In one recent study, Chin examined coprolites that probably came from one or more types of hadrosaurs. These duck-billed dinos lived some 75 million years ago in what is now southern Utah. Their coprolites contained evidence that the dinosaurs had been eating rotting wood. Even more surprising, mixed in with the wood was crunched up pieces of crustacean. That was odd since these dinosaurs were thought to be strictly plant-eaters.
The crustaceans were big enough that the dinosaurs could have spit them out if they didn’t want to eat them. What’s more, the crustaceans were found in seven out of every 10 coprolites she studied. This led Chin to think this carnivorous snack was no accident. But this isn’t necessarily weird behavior for plant-eaters. Some modern herbivorous birds eat insects or other animals to increase their protein intake when they are getting ready to lay eggs. Maybe these dinos — the ancestors of birds — were doing the same thing.
“Whether or not the dinosaurs actually hunted the crustaceans, we don’t know. But if they were feeding on rotting wood and happened to ingest crustaceans, I think they ate them readily,” she says. “That changes our traditional view of these lumbering herbivorous dinosaurs.” They weren’t just standing there feeding on leaves.
Developing stool standards
Poop can give a different view of much smaller critters, too. Over the past 10 years, scientists have learned that the community of microbes living in the gut is hugely important to human health. This collection of microbes is known as our microbiome. Scientists can learn about the gut microbiome by studying what comes out of the gut: poop. Now researchers and drug companies are racing to learn more about how this microbiome works, how it can be used to diagnose diseases and how it might lead to new treatments.
But there’s a catch. There is no standard, agreed-upon way to analyze the genetics of the human microbiome. So every lab uses slightly different tools and methods to extract and analyze the DNA from a bacterial sample. No surprise, then, that different studies get different results.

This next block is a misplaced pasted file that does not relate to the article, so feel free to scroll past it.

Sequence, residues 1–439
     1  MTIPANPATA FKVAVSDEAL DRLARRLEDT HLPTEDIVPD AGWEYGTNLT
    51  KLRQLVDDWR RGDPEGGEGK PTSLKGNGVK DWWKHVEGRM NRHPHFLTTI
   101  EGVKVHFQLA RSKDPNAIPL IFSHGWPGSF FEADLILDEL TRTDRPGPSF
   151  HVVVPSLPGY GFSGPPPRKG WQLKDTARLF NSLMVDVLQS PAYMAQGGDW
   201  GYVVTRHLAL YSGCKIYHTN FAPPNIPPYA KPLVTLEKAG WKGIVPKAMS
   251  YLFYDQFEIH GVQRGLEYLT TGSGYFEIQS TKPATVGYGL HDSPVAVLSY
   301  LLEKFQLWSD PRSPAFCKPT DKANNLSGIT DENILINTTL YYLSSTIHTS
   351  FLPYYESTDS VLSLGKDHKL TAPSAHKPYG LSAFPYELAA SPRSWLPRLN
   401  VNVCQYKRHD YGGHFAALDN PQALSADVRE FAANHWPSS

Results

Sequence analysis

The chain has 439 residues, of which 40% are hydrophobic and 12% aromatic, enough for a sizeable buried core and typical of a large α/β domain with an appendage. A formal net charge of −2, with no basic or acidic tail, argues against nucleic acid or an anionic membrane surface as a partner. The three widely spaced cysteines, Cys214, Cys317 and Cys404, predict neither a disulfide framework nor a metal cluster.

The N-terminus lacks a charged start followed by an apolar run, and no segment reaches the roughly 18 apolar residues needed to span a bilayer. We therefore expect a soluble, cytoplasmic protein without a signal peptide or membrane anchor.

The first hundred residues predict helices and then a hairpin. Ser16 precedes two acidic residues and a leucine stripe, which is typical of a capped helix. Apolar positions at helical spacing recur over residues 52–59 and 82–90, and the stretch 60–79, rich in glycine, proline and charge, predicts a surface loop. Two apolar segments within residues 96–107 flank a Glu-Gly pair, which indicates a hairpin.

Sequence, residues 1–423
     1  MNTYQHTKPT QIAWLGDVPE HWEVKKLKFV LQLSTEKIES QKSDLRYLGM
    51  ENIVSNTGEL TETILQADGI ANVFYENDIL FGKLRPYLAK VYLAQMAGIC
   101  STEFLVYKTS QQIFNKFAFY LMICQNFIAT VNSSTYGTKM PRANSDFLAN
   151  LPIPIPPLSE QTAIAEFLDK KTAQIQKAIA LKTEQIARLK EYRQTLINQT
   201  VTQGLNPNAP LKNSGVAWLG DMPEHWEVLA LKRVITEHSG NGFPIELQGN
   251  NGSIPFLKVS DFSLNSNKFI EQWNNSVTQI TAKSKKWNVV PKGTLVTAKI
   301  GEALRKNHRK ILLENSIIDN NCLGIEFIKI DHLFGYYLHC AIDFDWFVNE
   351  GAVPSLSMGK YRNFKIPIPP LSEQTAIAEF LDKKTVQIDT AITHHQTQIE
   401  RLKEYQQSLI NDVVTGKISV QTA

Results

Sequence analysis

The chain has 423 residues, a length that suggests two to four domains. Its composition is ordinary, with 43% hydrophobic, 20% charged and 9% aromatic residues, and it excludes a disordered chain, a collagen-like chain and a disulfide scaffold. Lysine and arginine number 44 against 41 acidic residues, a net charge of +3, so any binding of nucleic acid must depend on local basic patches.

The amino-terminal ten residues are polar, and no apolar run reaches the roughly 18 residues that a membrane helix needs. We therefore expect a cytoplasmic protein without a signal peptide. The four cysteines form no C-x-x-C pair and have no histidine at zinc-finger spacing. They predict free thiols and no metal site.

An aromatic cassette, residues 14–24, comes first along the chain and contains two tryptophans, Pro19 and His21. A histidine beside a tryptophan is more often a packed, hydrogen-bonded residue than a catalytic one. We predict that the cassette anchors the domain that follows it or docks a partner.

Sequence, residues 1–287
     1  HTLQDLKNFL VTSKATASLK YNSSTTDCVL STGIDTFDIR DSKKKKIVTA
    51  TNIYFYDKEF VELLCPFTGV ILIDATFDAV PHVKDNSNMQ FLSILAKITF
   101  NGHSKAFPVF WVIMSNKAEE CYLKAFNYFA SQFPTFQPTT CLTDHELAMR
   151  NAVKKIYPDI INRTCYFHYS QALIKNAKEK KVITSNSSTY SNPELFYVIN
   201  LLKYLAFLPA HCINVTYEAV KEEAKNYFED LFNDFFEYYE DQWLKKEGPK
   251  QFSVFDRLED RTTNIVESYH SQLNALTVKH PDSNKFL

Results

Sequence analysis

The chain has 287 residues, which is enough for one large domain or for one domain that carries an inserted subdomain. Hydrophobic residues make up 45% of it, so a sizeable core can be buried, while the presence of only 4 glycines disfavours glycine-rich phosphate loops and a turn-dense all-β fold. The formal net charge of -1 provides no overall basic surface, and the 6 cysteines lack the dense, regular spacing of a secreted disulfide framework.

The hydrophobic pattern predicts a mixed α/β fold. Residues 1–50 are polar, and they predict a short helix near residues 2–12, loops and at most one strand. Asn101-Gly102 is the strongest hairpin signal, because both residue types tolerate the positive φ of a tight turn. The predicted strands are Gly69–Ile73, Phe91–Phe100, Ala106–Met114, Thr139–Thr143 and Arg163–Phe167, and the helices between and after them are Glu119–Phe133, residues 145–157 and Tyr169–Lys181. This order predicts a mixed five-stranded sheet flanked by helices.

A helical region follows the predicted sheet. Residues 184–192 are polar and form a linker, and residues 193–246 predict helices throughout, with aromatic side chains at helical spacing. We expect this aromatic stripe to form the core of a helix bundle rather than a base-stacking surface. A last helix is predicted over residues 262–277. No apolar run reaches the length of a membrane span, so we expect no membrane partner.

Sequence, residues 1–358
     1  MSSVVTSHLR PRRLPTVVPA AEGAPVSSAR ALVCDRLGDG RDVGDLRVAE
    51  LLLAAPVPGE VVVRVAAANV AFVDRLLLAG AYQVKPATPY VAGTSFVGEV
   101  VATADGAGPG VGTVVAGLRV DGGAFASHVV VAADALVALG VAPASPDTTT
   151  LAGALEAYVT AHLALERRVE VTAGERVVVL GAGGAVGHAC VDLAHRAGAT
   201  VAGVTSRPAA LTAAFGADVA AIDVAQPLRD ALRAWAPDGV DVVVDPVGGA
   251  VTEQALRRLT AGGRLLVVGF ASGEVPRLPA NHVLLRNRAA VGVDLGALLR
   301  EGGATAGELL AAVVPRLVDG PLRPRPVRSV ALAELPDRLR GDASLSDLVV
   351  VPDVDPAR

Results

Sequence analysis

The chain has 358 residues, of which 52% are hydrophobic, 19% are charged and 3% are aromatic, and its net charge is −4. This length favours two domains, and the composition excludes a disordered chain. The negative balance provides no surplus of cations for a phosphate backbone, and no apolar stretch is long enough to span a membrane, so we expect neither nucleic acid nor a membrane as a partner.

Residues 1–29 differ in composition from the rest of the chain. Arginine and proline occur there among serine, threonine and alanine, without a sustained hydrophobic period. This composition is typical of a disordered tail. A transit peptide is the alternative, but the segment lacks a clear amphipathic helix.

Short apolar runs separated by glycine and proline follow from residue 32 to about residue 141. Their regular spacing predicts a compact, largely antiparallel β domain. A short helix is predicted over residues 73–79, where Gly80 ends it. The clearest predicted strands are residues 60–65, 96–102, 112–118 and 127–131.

Scott Jackson wants to change that. As a microbial genomicist (Juh-NOAM-ih-sizt), he studies the genes of microbes. He works at the National Institute of Standards and Technology in Gaithersburg, Md. He leads its Complex Microbial Systems group.
Figuring out the DNA of a member of a microbiome is far harder than sequencing the DNA of a single animal or plant. (Sequencing involves figuring out the order of nucleotides — chemicals that make of the rungs in the ladder-like structure — in an organism’s DNA.)
A scientist looking at the DNA of a single organism often already knows who or what it is. When delving into a bit of poop or other microbiome sample, scientists will be starting with something that contains hundreds of different species of microbes. What’s more, half of those microbes might still be unknown to science. Researchers have to sort out the DNA to see which species are in the sample, and roughly how many of each are present.
Since each lab can come up with slightly different results as they do these analyses, Jackson’s group came up with a plan to compare results from a big group of labs. That might prove helpful for future research in this field.
The researchers started by collecting stool from five generous people. Each donor’s feces were blended to homogenize the samples, or make them uniformly mixed. Researchers from another group, the BioCollective, prepared the samples using a household Ninja blender. The resulting product had “the consistency of a smoothie," Jackson says.
That poop smoothie was then divided up into 700 tubes. Each held about one milliliter (one-fifth of a teaspoon) of poop. The tubes were then divvied up into 700 kits, with each kit containing one tube from each of the five people. “That’s 3,500 tubes of poop,” Jackson notes.
Jackson’s team recruited labs around the world to participate in the tests. Each was asked to sequence the DNA from the microbes in a kit, then upload their results to a website. That would let Jackson’s group compare the findings from lab to lab.